Nel mezzo del cammin. Dante meant that he was thirty-five when he started his great journey. But what about these days? When Dante said it he was thinking of the Book of Genesis, which said that in the ideal world (of the Book of Genesis) a man should normally make threescore and ten. But how many of them did in Dante’s time, or in the time of the Book of Genesis for that matter? Even poor Signor Alighieri only had twenty-one years to go after his mezzo.
I’m not over-optimistic. My father got caught cold by cancer in his early fifties, and I remember passing a dull train journey, shortly after his death, by making pointless calculations. I came up with a start, however, on working out that, if I were to live as long as he had, I was already two weeks into the second half of my life. I was twenty-six.
But now I had reached an unarguable mezzo, in the form of a half-century, however unimpressively nudged and nurdled. True, I had no great prospect of the ton; drink, diabetes and divorce had considerably lengthened the odds. But, I thought, these days my chances are as good as Dante’s: I might just match his twenty-one.
It was in the faint hope of shortening those odds that I donned woolly jumper and (ludicrously virginal) walking boots and yomped off through the Oxfordshire countryside with my trusty Ordnance Survey map. For some time I’d had my eye on the village of Sutton Courtenay, with its inviting PH promising two-pennorth of wassail which, five miles in, I could just about do with.
But before reaching the PH, my attention was arrested by the village church. It takes a lot to divert my attention from a PH, but a proper church with a proper churchyard will do it. And so I entered, and did my bit of looking around the tombstones, calculating ages, and who was related to whom, and how the power relationships might have worked in the village, and so on and so on (as in Coming Up For Air by George Orwell).
I was just about to leave and slake the noble thirst which had been so piously whetted, when I tripped. My usage of my gleaming walking boots had been too sparing to walk them in properly, and it was hardly surprising that I lost my footing on a tussock. Down I went, putting out both arms to break my fall, in stupid defiance of experience, which has provided me with four broken bones in this way. However, this time I was lucky, if you can call it that given what followed. I fell into unresisting earth, and kept on falling. And lost the plot for a while.
I awoke to find myself covered in mud. Which was fine, I reflected, as far as my hitherto pristine walking boots were concerned. But once I realised how far north the infestation had stretched, I was less chuffed. However, my attention was swiftly diverted by the clench of a bony hand on my shoulder.
“Aaaaarrrgghhh!!!”, I shouted, being related by blood or marriage to several people who watched horror films. My apprehensions were swiftly dispelled by the reply “Get up, you silly sod”. I swivelled round on the more functional of my elbows.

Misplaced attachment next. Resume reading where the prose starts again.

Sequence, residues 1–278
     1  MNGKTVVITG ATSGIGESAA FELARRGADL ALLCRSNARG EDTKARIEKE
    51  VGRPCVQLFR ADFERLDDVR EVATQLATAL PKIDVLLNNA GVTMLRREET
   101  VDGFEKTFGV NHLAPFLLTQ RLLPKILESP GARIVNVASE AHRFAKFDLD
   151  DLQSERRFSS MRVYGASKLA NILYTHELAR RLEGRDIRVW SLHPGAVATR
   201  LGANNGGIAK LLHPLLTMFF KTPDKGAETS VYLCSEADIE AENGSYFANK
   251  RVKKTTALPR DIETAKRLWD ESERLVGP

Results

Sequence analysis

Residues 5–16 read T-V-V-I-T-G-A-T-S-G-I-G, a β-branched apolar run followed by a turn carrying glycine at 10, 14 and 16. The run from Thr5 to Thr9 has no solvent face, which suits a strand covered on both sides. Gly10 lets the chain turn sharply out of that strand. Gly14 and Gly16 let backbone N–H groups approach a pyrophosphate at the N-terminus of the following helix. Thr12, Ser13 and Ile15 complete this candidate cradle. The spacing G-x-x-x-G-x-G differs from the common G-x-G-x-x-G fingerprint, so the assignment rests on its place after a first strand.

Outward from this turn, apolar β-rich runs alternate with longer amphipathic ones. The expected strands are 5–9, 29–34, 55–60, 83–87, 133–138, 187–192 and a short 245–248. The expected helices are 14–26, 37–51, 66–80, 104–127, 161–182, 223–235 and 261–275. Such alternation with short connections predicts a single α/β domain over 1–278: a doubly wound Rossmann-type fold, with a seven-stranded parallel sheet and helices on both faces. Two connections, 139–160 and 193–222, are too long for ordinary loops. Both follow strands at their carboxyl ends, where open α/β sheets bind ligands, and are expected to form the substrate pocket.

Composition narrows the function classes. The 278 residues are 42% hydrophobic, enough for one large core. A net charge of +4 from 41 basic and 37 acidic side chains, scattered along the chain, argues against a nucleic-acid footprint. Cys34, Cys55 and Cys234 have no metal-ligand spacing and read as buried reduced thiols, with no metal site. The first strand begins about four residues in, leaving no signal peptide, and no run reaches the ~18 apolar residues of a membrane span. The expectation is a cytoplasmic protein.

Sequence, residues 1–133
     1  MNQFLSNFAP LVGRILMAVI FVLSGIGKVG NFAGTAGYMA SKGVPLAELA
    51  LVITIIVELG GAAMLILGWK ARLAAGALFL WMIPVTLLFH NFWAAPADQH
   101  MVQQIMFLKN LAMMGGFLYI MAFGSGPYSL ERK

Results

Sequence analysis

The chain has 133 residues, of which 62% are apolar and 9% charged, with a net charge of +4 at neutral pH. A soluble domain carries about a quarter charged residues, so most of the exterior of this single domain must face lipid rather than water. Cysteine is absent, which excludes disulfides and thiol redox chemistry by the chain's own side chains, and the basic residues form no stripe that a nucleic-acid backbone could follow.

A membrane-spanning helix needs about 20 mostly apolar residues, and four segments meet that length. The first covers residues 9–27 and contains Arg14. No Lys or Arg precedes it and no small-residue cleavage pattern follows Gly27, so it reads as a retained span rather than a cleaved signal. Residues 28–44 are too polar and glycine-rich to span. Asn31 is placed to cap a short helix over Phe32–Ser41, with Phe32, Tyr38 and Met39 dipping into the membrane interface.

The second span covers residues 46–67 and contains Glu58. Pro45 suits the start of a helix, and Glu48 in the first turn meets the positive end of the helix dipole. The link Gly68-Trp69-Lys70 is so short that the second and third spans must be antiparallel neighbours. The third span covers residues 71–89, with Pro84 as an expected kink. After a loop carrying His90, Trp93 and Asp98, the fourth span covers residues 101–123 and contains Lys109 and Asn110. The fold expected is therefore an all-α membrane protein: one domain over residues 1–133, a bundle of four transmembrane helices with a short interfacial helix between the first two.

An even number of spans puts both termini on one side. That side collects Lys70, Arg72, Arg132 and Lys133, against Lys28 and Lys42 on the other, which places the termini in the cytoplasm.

No, it wasn’t a skeleton. But almost. The figure was enormous, or at least looked so from my recumbent position. There was still some flesh on the bones. And the grip on my shoulder seemed strangely ill-coordinated. The spectre was obviously no real physical threat. Relaxing somewhat, I remembered my obvious lines: “Wh-wh-who are y-y-you?”
“You know damn well who I am,” said the towering figure. “Who the fuck did you expect to meet in a graveyard in Sutton bleeding Courtenay? Sorry, that should be ‘whom’. Except that it shouldn’t, because ‘whom’ would sound barbarous. Unless you’re some kind of linguistic pedant? ” And here the figure took on a frightening aspect for the first time.
“No,” I said tremulously. “I mean would you prefer to be Mr. Blair or Mr. Orwell?”
“George will do,” he replied. “It took me long enough to get used to it, after all. And I understand that the name Blair has…a bit of an overtone, these days.”
“Well, what do you think?” I said. “A pint or two at the George & Dragon?”
“We’ll deal with the dragons first, if you don’t mind. Besides, I found it difficult enough to cope with ordinary working people in pubs back in the day, what with being an Etonian and all. How I’d cope with the sort of people in there these days I can’t begin to imagine.”
“So what do you suggest?”
“Let’s get straight down there,” he said. “You need to see what’s what.” He produced, from within some interstice in his decayed graveclothes, a pouch of tobacco, and rolled himself a cigarette. “If we’d gone to the pub, you’d soon have found out what’s what,” I said to myself.
“You know damn well where,” he said. “Just need to sort out the transport.”
I indicated, by a gesture of abandonment and impotence, that I was in his hands.
“And so we’re off to Hell,” said he, “by transethereal steamer!”
“The baddest guys these days,” I told him, “get there in a Beamer.”
“And, just to warn you, George,” I said, “I can’t do terza rima!”
“That’s because your generation is thick as mince,” he said. “I never got an Oxford First, but I’d still read two-thirds of English Literature by the time I was eight. And I may not have read anything they told me to at Eton, but I sure read a hell of a lot of other stuff. Terza rima? Cyril Connolly and I used to do that as a displacement activity.”
“Touché,” I conceded.